Go Back   Freethought Forum > The Public Baths > News, Politics & Law

Reply
 
Thread Tools Display Modes
  #26  
Old 08-27-2004, 06:45 AM
Dingfod's Avatar
Dingfod Dingfod is offline
Gone Guy
 
Join Date: Jul 2004
Location: In a Hole
Gender: Male
Posts: XLMMDCXXXVIII
Blog Entries: 21
Images: 92
Default Re: More depressing than the stolen Scream...

To paraphrase Sam Kinison "Why don't they move to where the water is?"

Another answer is attached:
Attached Images
File Type: jpg bota_safari.jpg (12.5 KB, 8 views)
Reply With Quote
  #27  
Old 08-27-2004, 08:58 AM
lisarea's Avatar
lisarea lisarea is offline
Solitary, poor, nasty, brutish, and short
 
Join Date: Jul 2004
Posts: XVMCCCLXIV
Blog Entries: 1
Images: 3
Default Re: More depressing than the stolen Scream...

Quote:
Originally Posted by dantonac
Thanks, I did read the article and it seems that when the government owned the treatment plants they were run down and continuing to deteriorate, and 50% of the supply was lost to leakage and illegal taps. Further the billing infrastructure was such that they couldn't even bill many of the users. So the idea seems to be to get private companies to improve the infrastructure.
Yes. So why weren't the terms of the loan that the government would use some portion of the funds to upgrade the infrastructure in specific ways to reduce theft and leakage?

Quote:
Well, no private company is going to do it unless they see a profit potential, that's a given.

So, we have a government that can't afford to do it and a private company that believes they can afford to do it, but the prices will be beyond what the poorest will be able to afford.

What we have here is a problem with no clear solution that I can see. Usually if the private sector greed causes too many problems we say lets either turn it over to government or at least slap a lot of regulations on private enterprise. If government screws things up we say privatize. It doesn't appear either solution is going to usher in any utopia.
No, of course no solution is going to cure all of the root problems. The poor will always be with us and all.

What we're talking about here is a very secretive multinational organization that makes loans to impoverished nations, including terms that would be considered usurious by virtually any definition. These terms often conflict directly with the existing laws and protections afforded by those nations' governments, and actually end up serving as a sort of extragovernmental governance.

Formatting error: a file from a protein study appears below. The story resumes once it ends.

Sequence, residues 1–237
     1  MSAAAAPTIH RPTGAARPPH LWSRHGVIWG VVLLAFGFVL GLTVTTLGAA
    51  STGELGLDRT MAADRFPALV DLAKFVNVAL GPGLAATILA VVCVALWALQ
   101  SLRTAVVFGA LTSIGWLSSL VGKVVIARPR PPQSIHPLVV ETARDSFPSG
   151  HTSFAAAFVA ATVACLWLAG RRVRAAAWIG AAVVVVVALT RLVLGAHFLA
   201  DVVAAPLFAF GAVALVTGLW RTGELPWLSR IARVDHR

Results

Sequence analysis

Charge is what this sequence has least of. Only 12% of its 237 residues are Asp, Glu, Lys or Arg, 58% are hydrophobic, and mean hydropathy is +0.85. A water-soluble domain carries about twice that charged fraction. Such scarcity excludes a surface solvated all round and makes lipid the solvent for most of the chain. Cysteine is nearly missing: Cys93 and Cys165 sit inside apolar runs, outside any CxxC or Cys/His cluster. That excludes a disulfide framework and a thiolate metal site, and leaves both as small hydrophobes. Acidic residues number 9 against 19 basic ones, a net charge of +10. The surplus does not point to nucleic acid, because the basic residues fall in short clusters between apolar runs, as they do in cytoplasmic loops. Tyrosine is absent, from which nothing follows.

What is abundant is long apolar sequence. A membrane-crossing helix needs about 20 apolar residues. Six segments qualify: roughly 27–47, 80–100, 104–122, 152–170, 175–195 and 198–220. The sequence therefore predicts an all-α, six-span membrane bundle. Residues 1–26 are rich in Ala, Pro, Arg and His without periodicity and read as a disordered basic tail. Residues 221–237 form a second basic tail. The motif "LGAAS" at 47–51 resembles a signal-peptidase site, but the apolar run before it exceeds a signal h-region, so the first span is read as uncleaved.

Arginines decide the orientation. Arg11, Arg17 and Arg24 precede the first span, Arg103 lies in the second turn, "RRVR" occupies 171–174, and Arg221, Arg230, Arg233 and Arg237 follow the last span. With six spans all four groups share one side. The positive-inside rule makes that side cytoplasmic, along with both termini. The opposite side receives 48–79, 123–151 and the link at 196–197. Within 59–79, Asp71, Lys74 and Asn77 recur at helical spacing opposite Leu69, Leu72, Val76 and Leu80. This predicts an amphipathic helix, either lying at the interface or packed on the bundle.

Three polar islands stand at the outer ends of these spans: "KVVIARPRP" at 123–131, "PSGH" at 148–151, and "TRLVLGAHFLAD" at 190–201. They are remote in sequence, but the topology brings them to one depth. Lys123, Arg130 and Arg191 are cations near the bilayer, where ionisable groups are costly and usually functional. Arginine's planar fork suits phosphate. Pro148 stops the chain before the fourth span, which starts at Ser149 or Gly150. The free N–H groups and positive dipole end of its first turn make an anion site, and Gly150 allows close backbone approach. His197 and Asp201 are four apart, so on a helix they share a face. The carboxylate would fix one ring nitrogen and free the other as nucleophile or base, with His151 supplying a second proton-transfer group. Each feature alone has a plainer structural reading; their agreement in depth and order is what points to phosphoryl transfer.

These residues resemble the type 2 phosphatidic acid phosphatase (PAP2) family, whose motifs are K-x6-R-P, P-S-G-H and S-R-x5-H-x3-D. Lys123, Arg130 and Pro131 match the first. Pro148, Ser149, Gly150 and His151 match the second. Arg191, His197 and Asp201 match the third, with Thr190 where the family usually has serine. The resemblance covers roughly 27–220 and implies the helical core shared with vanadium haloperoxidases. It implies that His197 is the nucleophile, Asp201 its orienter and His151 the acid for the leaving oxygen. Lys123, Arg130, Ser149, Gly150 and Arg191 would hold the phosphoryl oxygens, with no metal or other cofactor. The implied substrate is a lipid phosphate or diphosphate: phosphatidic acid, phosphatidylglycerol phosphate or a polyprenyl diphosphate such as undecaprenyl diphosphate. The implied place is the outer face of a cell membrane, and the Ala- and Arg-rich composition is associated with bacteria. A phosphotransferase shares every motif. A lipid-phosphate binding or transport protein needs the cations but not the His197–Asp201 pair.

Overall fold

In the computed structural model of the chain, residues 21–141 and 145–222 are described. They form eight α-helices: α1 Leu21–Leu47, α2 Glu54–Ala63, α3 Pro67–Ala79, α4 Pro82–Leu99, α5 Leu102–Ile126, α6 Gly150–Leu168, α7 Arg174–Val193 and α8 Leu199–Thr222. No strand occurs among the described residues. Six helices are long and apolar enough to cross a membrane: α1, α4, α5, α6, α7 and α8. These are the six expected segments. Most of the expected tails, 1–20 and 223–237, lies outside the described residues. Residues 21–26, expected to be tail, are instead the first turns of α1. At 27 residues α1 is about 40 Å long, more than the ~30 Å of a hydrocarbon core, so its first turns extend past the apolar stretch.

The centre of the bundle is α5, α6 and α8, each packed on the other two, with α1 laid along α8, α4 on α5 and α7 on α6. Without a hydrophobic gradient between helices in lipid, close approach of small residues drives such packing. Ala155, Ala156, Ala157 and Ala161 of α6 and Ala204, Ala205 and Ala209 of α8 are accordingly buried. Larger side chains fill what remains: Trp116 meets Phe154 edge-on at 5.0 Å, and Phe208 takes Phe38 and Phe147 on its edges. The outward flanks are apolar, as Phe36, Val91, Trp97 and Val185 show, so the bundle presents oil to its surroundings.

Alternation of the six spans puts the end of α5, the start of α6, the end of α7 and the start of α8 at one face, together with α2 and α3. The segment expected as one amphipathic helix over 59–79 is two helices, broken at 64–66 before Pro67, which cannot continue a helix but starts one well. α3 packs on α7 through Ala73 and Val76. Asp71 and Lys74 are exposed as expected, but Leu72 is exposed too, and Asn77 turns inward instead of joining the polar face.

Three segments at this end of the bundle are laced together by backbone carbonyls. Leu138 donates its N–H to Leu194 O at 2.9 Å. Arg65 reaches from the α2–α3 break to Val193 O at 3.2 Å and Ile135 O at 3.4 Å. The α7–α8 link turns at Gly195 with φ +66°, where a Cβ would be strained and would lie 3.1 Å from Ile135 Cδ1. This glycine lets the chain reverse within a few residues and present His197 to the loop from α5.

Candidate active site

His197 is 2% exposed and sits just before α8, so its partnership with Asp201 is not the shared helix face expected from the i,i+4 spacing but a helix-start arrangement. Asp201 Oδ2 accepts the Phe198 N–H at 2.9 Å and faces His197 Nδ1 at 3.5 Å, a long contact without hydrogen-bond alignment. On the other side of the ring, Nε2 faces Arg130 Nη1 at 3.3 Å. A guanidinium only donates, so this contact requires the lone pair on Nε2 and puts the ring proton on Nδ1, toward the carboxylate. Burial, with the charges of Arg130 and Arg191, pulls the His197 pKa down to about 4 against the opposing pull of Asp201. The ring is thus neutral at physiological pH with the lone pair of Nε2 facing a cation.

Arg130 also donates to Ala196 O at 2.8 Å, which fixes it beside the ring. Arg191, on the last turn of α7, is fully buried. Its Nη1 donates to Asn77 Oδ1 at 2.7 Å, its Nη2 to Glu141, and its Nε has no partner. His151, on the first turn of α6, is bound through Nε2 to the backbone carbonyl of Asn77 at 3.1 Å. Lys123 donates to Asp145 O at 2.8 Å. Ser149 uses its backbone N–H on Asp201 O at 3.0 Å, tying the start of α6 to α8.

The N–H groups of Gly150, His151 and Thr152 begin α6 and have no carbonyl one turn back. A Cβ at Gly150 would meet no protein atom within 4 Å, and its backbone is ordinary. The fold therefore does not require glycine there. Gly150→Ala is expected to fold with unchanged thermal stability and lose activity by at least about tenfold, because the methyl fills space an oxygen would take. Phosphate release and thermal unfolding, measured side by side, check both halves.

Unfortunately, the IMF pretty much dictates whether a nation can get any loan at all. And read some Joseph Stiglitz on how the World Bank is inching closer to the IMF model, despite their officially discrete purposes. (The IMF exists to protect the interests of international trade, and the World Bank exists to assist developing nations in reinforcing their infrastructure.)

Yes, the IMF is pursuing its own goal, and yes, those nations agreed to the terms of the loans. But the people who live there did not. And regardless, it does not change my strong belief that essential services should never be left to the vagaries of the free market. Sure, sometimes, you can't leave those tasks to the corrupt governments, either, but again, I'll ask: Why do the loan terms include the provision to turn over previously public services to private sector monopolies? (I know the answer, of course: "Because it is the mission of the IMF to protect the interests of international trade." So I ask: Is it really in our better interests--as a 'world community' or somesuch shit--to require developing nations to become MORE reliant on international trade? The problem is that these nations are already taking more than they're giving. Is the best solution REALLY to exploit those nations by gouging them for the price of basic services necessary to sustain life, or is that, in the long run, just going to make them more dependant?)

I'm half asleep right now, but I'll try to address the telco thing and regulation of private sector industry and such tomorrow if I have time. (Warrenly's picture was pretty accurate. I've seen photos that looked a lot like that. Hint: If I address this stuff tomorrow, I'm going to blather on about the commons a lot.)